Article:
JOSH GURLEY, STUDENT OF WANTED PROFESSOR: Thanks for having me. Professor Zinkhan was always one, you could tell he had a very nice demeanor underneath it all, but he was kind of awkward. Something was just a little bit off, you could always tell. Some of the students and I have talked about it several times. And it wasn't that it was a malicious weirdness that he about him, but it was just kind of something that made him a little more distant and a little unapproachable, just because he seemed a little different.
VAN SUSTEREN: What did he teach you? What class?
GURLEY: I am currently enrolled in his class that's Marketing 4000. It's on consumer buying behavior. And from what I understand, that is what he has separated himself as and distinguished himself as a professor internationally.
VAN SUSTEREN: When you say he is a little bit off, what does that mean? Was he just quirky, or unresponsive? What was it that made you and your classmates even talk about him?
GURLEY: It is kind of hard to be specific about it. It was just really his general demeanor. He was kind of mundane, very monotone with what he did.
But he was, he never really seemed to make the connection that a lot of professor here at the University of Georgia do make with their students.
He was just a kind of unique individual, and some kind of classified him and joked early in the semester that he kind of seemed like a stoner, just very laid-back, but something was weird. It is really hard to pinpoint.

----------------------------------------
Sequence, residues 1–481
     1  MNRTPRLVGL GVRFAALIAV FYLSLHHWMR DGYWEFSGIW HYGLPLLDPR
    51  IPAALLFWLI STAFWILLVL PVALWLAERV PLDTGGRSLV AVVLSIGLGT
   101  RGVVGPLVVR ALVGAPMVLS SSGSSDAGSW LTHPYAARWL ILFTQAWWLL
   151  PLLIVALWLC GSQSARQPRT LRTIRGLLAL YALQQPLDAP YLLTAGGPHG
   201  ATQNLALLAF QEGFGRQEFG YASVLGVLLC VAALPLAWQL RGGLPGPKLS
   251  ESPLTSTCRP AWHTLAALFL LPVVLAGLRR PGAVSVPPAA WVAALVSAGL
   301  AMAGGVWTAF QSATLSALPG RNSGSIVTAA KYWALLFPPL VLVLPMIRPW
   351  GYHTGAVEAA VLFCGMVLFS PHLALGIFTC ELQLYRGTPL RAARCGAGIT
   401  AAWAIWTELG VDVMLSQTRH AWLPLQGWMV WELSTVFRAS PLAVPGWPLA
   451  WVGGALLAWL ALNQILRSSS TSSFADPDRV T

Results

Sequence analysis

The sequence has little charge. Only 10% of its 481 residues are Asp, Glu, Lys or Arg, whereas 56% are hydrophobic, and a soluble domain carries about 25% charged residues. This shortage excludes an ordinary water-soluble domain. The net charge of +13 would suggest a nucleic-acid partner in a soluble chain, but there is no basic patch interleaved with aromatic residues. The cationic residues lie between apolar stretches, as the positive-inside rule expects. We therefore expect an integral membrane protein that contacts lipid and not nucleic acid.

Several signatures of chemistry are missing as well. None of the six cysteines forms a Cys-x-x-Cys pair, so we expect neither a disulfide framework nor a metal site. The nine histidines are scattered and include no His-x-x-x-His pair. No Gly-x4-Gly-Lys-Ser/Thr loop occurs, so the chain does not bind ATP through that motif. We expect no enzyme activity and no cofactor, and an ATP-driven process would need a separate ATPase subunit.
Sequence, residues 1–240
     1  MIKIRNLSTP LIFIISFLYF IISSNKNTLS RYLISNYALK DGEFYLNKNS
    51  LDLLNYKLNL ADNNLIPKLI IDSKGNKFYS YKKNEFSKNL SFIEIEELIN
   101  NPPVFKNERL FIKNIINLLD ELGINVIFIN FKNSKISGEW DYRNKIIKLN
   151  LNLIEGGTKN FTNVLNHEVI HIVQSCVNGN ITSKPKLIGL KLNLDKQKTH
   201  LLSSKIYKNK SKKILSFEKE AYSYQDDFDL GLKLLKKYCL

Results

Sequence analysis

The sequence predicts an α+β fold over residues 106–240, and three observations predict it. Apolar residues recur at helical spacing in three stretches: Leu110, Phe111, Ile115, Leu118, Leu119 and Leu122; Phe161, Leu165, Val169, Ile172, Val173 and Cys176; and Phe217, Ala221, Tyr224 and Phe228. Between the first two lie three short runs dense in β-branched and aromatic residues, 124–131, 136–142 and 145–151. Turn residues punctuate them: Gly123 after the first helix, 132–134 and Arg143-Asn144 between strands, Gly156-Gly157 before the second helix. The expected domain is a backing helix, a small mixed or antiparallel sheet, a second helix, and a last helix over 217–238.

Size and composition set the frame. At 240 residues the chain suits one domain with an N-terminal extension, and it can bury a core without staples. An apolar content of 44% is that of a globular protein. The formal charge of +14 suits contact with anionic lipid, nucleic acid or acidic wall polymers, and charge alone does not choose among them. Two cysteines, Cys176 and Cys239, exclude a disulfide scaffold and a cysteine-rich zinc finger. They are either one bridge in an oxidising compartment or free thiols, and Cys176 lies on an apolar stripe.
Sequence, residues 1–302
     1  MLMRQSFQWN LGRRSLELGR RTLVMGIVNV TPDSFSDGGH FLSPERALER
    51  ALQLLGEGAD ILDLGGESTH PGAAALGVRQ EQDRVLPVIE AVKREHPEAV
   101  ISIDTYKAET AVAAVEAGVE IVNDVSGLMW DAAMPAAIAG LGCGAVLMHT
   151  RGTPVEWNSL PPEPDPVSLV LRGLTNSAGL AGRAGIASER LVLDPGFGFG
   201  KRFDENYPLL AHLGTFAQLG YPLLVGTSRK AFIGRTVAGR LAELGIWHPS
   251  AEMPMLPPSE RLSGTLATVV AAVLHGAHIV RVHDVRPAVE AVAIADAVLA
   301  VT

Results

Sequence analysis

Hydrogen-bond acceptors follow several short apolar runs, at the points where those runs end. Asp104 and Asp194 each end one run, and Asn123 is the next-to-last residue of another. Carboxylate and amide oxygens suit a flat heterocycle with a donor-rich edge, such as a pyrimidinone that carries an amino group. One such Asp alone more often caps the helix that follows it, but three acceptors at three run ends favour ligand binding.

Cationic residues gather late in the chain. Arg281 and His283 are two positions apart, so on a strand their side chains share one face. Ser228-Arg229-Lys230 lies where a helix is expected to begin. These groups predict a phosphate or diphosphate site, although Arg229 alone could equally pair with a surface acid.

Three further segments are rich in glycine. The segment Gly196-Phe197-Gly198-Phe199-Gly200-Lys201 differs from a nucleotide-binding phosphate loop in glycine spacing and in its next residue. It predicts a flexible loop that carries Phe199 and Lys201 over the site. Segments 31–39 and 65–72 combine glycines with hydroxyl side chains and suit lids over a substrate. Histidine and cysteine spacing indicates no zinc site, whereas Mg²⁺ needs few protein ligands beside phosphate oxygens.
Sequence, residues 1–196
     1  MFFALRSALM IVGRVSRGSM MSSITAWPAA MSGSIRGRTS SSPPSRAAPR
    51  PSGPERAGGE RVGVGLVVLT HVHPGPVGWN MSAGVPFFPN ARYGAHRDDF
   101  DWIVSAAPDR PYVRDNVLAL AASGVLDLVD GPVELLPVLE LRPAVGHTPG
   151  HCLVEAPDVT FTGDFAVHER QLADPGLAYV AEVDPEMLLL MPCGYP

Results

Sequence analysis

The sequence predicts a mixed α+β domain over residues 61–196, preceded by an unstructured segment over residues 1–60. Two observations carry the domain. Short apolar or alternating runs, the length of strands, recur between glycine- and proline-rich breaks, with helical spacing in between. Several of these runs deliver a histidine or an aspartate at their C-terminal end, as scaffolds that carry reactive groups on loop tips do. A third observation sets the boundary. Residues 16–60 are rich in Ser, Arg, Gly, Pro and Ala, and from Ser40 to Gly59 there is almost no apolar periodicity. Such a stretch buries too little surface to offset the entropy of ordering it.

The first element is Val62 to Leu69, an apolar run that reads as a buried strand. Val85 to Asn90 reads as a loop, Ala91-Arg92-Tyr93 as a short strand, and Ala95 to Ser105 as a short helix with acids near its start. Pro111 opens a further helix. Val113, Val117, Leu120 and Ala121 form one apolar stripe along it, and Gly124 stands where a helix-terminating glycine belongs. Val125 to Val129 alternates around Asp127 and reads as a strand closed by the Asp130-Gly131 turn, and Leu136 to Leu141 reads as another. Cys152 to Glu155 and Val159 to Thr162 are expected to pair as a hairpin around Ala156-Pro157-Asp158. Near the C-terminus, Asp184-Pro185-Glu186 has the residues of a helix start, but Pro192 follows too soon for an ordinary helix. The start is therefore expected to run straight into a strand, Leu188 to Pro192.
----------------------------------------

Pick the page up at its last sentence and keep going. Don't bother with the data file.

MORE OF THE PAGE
VAN SUSTEREN: Did you ever see his family, or did he ever talk about his family?
GURLEY: That was another weird thing about him. You never really heard about his family. I never really heard anything about Amsterdam, didn't even know he was a professor over there.
That would seem like something is significant that you speak about with your classmates. We have been with him since the first of the year, and we have never heard about that, or anything about his family.
And a lot of professors that I have had, and especially the ones that I have had personal contact with outside of the classroom, I felt like they would self-disclose about their families a little bit more, just to kind of open you up to the inside of who they are and to be more comfortable with them. And he never really made any attempt to do so.
VAN SUSTEREN: I take it the university notified the students right away and sent out one of those alerts to all the students?
GURLEY: Yes, ma'am. That was very effective.
The system was put in place right after the Virginia-Tech shootings. We get a phone call with a voicemail if we didn't answer. We also got an email and we got a text message alert if we subscribed to the program, notifying us all just minutes after the shooting -- a description of Professor Zinkhan, his name, and a lot of different things about him just so you could be weary(ph).
Which is very important. This weekend we had the twilight bike races going on in downtown Athens, and it really helped to get the word out. If he was wandering around a downtown, somebody would have seen him.
He did not attempt, from what I understand, to do any further damage, but I think it definitely prohibited him from doing so. If he would made that attempt, people would have been able to recognize him.
VAN SUSTEREN: And right now, the authorities don't know if he is in Holland, if he is out of the country, or whether he is even still around your university. This is an active manhunt. The police are looking for this college professor wanted for triple murder.
Josh, thank you, and good luck.